America’s Favorite Mutts: 10 Breeds Commonly Found in Mixed-Breed Dogs

A Chow Chow-Husky mixed-breed dog sticks out its tongue.A Chow Chow-Husky mixed-breed dog sticks out its tongue.
A Chow Chow-Husky mixed-breed dog sticks out its tongue.A Chow Chow-Husky mixed-breed dog sticks out its tongue.

Table of Contents:

  1. American Pit Bull Terrier
  2. German Shepherd
  3. Chow Chow
  4. Labrador Retriever
  5. Australian Cattle Dog
  6. Boxer
  7. American Staffordshire Terrier
  8. Chihuahua
  9. Rottweiler
  10. Siberian Husky

It’s easy to determine which purebred dogs are the favorites among American pet lovers. Every year, the American Kennel Club (AKC) assesses registration data to publish a ranked list of their almost 200 recognized breeds. In 2020, the Labrador Retriever was top dog once again with more obscure pups like the English Foxhound and Norwegian Lundehund at the tail end of the list.

America’s Ten Favorite Mixed-Breed Dogs

But what about mixed-breed dogs? With adoption numbers surging and the term “rescue dog” now firmly in the cultural lexicon, it’s likely that millions of pet owners can only guess at their dog’s breed, let alone its place on the AKC’s list.

A number of services have emerged to help mixed-breed dog owners get to the bottom of their pup’s lineage. Like human genealogy services, these companies test DNA samples to paint a picture of a family history. The most comprehensive reports identify a dog’s “dominant breed,” as well as any other breeds found in their genetic data. For pet owners, these reports may help better address breed-specific health concerns and provide a higher quality of care.

Embark, one of the most popular dog DNA testing services, took a page out of the AKC’s book earlier this year. Assessing genetic information from more than 200,000 dogs, they determined which breeds are most commonly identified in mixed-breed canines.

If you’re not sure what kind of dog you’ve got, taking a closer look at these ten breeds could be a good starting point for determining your pet’s genetic makeup and understanding their unique characteristics.

American Pit Bull Terrier

Though they’re often misunderstood, “Pitties” are popular throughout the nation and are the focus of many breed-specific rescue efforts. Along with these campaigns, Embark suggests that lenient spay and neuter laws, as well as large litters, have contributed to the immense number of mixed-breed dogs with American Pit Bull Terriers in their lineage. The breed is ubiquitous from coast to coast. They’re the #1 result for mixed-breed dogs in all but seven states and the #2 result in four of those outliers.

German Shepherd

It’s not surprising that one of the nation’s most popular dogs would also loom large within the mixed-breed population. The breed topped a similar list back in 2010 and remains a favorite. German Shepherds were the most common breed found in mutts from Montana and the Dakotas and the second-most common in several other states.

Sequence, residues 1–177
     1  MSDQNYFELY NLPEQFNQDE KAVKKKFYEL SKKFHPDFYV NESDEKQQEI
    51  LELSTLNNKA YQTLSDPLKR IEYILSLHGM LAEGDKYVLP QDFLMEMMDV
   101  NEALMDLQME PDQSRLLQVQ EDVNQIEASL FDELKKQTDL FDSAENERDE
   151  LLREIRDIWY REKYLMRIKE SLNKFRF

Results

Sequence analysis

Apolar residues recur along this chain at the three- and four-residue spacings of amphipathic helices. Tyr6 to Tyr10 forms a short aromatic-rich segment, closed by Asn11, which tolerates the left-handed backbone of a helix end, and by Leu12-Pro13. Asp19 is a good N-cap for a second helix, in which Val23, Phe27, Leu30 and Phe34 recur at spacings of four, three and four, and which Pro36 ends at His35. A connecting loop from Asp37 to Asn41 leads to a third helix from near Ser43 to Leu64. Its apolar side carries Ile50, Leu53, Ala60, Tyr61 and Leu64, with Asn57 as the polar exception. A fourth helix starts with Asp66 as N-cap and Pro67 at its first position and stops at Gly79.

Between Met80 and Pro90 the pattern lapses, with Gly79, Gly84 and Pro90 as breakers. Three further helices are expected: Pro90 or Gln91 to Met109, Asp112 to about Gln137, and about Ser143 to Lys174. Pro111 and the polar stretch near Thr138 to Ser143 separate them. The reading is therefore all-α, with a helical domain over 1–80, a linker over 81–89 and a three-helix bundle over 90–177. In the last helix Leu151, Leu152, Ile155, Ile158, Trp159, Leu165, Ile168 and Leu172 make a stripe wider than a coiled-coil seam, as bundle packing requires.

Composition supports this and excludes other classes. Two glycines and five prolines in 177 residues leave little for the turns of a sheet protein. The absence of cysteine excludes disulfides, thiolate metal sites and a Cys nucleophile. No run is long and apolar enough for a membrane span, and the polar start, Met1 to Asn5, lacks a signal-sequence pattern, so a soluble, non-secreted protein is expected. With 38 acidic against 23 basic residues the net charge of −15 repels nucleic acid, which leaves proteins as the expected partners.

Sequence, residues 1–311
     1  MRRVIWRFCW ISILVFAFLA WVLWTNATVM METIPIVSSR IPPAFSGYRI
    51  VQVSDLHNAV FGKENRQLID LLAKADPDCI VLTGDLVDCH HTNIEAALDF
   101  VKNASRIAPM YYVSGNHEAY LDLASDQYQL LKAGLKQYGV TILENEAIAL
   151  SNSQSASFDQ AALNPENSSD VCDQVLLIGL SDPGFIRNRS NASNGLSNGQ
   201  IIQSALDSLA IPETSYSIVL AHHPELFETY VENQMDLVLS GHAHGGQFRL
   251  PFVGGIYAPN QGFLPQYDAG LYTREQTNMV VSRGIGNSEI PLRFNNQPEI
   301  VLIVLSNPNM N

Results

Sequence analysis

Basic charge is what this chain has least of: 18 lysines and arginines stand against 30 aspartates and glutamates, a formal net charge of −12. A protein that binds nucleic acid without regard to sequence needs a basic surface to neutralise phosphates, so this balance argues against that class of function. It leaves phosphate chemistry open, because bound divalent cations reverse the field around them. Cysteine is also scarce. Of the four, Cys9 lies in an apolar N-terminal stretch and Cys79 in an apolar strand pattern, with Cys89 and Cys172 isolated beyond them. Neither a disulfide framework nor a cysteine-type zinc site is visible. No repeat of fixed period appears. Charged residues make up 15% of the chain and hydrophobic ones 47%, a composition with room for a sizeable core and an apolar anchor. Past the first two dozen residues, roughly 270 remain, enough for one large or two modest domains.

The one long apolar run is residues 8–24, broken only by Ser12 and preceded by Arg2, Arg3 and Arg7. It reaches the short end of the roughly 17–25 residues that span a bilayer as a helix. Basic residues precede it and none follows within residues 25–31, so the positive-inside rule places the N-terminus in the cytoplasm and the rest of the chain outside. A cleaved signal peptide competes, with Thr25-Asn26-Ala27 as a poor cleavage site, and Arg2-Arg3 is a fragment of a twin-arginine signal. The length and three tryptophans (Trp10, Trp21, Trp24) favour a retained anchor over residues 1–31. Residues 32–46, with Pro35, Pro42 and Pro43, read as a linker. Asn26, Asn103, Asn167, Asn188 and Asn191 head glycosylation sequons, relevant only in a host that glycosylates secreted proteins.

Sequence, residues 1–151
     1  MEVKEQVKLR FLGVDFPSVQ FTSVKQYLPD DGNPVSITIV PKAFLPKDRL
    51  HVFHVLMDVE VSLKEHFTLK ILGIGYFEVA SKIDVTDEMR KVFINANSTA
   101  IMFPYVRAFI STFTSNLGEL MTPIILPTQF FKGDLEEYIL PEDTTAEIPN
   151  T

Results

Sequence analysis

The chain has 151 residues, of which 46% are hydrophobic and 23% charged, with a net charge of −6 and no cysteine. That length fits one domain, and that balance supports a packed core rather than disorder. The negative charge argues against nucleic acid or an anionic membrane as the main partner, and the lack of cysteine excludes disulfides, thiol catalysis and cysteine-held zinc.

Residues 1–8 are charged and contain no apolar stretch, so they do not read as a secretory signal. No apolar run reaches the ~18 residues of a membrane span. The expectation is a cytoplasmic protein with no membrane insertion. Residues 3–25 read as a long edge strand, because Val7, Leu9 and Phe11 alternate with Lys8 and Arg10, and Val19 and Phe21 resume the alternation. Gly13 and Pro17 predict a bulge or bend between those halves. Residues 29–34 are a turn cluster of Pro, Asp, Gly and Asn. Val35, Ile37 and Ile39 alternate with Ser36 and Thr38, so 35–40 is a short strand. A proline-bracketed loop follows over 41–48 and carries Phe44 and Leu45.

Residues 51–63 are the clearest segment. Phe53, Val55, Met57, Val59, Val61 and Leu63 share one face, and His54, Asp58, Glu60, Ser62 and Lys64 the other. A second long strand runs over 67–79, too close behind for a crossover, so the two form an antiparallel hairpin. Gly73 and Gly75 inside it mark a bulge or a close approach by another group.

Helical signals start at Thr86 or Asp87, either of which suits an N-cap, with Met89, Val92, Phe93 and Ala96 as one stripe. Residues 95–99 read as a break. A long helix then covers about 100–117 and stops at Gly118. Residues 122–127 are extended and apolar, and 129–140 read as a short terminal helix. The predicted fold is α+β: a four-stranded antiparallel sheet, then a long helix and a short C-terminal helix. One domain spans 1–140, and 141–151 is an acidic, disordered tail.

Chow Chow

In their native China, the Chow Chow’s name roughly translates to “puffy lion dog.” Here in the states, the dog ranks #3 when it comes to mixed-breed pups. You may find protective, independent Chow Chows mixed with breeds like the Akita or German Shepherd. In fact, you’re probably more likely to encounter a Chow Chow-mix than a purebred example. According to the AKC, the Chow Chow is just the 77th-most popular purebred dog in the United States.

Labrador Retriever

Another unsurprising member of the list, Labrador Retrievers aren’t just America’s favorite breed. In Alaska, Iowa, and Idaho, they’re also the breed most likely to turn up on a dog’s DNA test. The Labrador Retriever’s affectionate disposition makes them an ideal family pet and that quality is still evident in any Lab-mix.

Australian Cattle Dog

The Australian Cattle Dog is another less-familiar dog that has left a large paw print across the United States and its mixed-breed population. Imported to the US after World War II, the breed is a trusted companion to farmers and families alike.

Boxer

Ranking near the top of both the AKC and Embark lists, the Boxer is beloved for loyalty, affection, and boundless energy. The breed’s sheer numbers have helped make Boxer-mixes a common sight in shelters and adoption centers nationwide.

American Staffordshire Terrier

The AmStaff is another dog you’ve probably encountered without even realizing it. Though they rank just 85th on the AKC’s list, the breed’s DNA is found in mixed-breed dogs from sea to shining sea. They came to America as fighting dogs, but the American Staffordshire Terrier and their descendants are now more than capable of serving as protective family pets.

Chihuahua

Though they’re recognized as the world’s smallest breed, Chihuahuas have had a big impact on the pet population of California and the Southwestern states. In the Golden State, Chihuahuas are the top breed identified within mixed-breed dogs. They’re also the #2 result in Nevada and New Mexico, among other states.

Rottweiler

The Rottweiler’s imposing frame can give prospective pet parents the idea that the breed is unusually aggressive, even vicious. Anyone who has owned and loved a Rottweiler (or Rottweiler-mix), however, knows that proper socialization and a little affection goes a long way.

Siberian Husky

Though they’re often mistaken for the Alaskan Malamute, the Siberian Husky ranks higher on both the AKC and Embark lists. A 2015 study suggests that the two breeds have a close genetic relationship to one another, as well as their relative the Alaskan Husky.

More Information on Dog DNA Testing

Interested in learning more about the story your dog’s genetic data can tell? Check out some of our articles on the burgeoning world of canine DNA test kits:

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